what's worth reading

I've finally managed to carve out the time to read. incredible, I know, what with so much taking time away from something this simple. books don't demand your attention nor do they seek it, really. they sit, sometimes languishing for years on a bookcase or the floor or the car, waiting to be picked up, dusted off, and loved. they sit, waiting, and waiting, and then finally you're ready for them. I don't know about you but there are books I'm scared to read. they sit on the shelf and I just think, maybe im not ready for you yet. I won't understand you. maybe i'lll misunderstand you. maybe something you read at 19 is different at 35 or 67 (now that is definitely true). maybe the idealism of your youth has worn off or you need to pick it up again, reanalyze it, scour it for errors judgement or just remind yourself of something that was, that maybe can be again.

I've done a lot of reading lately, not all of it high-minded, wickedly intelligent or, well, maybe some of it was just wicked. but I am plugging along this physical plane filling up my time with words. sometimes they make me cry. none of them make me laugh - comedy is difficult to pull on in writing or maybe I don't read it that way? anyway, im curious as to what has impact. here are some of the books that I've read this year (so far) that have been a gut-punch.

1. A Little Life by Hanya Yanagihara

This was masterful. How does abuse get written to where the victim is pitied but not pitiful? I find a lot (and there isn't much) in the canon on abuse to be exploitive and melodramatic (Flowers in the Attic?) But the abuse isn't the only theme explored here and maybe even then it is on the bottom of the list of themes however it is powerful due to the other connections and layers upon layers of character development already written before the abuse is fully explored. I didn't want it to be over (even though at 832 pages I really wanted it to be over).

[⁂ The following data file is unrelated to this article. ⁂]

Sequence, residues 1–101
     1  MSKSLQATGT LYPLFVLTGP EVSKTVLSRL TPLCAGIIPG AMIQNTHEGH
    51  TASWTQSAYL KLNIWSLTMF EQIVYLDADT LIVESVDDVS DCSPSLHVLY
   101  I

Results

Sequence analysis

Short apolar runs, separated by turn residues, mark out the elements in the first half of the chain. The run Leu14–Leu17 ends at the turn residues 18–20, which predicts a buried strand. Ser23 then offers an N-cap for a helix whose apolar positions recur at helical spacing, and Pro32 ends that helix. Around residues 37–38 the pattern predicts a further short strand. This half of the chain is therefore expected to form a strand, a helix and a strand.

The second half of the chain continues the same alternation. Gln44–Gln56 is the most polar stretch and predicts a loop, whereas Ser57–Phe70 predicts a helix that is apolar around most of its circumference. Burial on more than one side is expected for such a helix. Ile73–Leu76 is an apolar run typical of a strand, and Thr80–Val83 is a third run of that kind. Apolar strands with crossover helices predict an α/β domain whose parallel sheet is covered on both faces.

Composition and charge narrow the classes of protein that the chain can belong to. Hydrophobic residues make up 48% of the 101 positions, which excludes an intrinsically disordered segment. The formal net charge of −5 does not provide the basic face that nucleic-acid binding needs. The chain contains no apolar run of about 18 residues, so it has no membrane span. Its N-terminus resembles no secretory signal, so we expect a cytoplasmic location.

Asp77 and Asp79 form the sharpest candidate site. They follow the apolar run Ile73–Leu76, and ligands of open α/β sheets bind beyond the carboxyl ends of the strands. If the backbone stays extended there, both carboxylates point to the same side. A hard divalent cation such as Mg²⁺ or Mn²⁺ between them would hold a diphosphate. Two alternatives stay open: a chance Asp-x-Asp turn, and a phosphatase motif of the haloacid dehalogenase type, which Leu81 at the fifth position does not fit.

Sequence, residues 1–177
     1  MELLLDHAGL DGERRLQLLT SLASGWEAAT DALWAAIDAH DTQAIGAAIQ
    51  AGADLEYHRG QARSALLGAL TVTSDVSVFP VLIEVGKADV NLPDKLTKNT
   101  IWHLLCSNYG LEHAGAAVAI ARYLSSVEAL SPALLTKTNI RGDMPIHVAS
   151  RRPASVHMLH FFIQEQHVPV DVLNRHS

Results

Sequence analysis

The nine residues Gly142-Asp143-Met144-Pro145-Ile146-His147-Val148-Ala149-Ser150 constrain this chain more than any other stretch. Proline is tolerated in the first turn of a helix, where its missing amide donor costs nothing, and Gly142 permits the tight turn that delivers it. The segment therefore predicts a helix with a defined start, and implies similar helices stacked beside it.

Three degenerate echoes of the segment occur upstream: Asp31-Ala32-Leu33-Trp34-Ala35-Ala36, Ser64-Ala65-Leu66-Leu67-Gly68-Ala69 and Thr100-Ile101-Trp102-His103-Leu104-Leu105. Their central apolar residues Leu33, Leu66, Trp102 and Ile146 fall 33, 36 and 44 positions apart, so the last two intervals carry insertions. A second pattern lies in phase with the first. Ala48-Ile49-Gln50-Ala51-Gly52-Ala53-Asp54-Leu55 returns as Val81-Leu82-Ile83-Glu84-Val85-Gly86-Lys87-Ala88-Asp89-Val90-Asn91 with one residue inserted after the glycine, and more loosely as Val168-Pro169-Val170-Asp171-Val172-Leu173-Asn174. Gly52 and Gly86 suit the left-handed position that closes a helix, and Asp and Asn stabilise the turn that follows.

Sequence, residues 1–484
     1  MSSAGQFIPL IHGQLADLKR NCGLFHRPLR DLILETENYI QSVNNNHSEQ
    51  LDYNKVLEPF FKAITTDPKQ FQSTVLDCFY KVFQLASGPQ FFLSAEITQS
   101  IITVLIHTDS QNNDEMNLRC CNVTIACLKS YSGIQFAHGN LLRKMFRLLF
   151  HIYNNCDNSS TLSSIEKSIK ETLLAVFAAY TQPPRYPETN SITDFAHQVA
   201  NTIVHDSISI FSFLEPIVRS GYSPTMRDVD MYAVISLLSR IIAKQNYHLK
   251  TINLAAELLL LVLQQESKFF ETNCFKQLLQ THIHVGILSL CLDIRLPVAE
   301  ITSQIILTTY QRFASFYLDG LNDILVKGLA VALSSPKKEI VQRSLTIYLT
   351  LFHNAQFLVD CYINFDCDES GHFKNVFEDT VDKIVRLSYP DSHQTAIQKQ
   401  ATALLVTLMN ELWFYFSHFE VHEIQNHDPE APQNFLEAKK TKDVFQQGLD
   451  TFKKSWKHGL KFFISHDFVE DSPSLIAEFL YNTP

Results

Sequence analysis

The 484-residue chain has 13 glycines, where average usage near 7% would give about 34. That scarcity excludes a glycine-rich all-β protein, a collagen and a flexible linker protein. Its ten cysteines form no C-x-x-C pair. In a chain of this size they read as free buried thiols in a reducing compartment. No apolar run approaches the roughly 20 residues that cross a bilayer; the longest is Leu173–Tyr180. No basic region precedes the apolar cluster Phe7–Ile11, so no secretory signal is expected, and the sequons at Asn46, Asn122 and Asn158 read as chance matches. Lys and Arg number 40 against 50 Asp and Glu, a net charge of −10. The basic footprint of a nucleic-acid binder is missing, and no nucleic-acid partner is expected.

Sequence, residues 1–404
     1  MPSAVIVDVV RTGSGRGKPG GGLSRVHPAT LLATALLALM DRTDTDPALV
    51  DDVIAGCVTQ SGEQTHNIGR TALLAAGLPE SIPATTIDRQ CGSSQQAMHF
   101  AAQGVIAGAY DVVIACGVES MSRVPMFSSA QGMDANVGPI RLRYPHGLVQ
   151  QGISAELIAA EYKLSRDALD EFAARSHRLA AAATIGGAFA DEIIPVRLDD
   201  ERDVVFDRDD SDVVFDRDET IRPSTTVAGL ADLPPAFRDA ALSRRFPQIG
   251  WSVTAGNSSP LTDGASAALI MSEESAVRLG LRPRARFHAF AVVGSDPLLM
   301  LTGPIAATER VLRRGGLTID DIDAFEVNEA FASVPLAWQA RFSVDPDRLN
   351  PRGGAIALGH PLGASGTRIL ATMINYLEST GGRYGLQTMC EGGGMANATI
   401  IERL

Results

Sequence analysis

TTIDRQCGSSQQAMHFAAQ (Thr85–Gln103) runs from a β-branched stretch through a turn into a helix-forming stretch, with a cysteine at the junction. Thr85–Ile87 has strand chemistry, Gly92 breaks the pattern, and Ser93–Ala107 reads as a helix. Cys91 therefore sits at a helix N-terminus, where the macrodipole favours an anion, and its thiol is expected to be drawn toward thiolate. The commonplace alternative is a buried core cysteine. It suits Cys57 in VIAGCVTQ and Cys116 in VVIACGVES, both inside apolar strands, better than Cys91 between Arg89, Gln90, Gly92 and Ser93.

2. Homegoing by Yaa Gyasi

I probably can't say much about this book that hasn't been said already but - I do love a full circle experience. I don't like all the ends neatly wrapped up (that'd be my husband) but I do like the ability to fantasize that...maybe everything will be ok. I know that's not always the case...especially when interpreting colonial, post-colonial and post-Civil War slavery. Maybe I'm the last millennial who still reads fiction (everyone just wants to LEARN something these days) and my favorite experience is to get out of my comfort zone. My personal history in the USA is only 30 years old; I have no claim or tie to the experiences and heritage of the people around me but I want to know how it was. And it was really, really bad.

3. The Power by Naomi Alderman

If only. If only! Suddenly, we women are imbued with an unquestionable physical advantage over our male oppressors. Isn't a lot of that what our gender distills as the final, overwhelming evidence that we ultimately are Power-less? I could take dozens of self-defense classes and yet, I still know I, personally, would freeze like a rabbit were I to be threatened with violence. Maybe I take that back. We don't know how we would act if it came to life or death. This book takes away the question altogether. Our new physiology predetermines our actions and the finality of their consequences. The new world order can't keep up; chaos ensues. This book definitely reads feminist but not like, militantly. Men are written mostly weak, now that their physical prowess is no longer supreme, but our base biology is still intact. Men and women still want to fuck, and maybe if there was more of that going on, on an equal playing field, there is hope for us after all.

I am in a Book Club, lovingly called Drunk Book Club, and I am always curious about what other people are reading. There are no "wrong" or "bad" (well, some are really bad) books so it's important to keep at it...I'm currently reading Brain Rules for Baby by John Medina (my non-fiction choice, I do have to keep up) but I am finally ready to attempt "The Bluest Eye" by Toni Morrison. Learning, two different ways.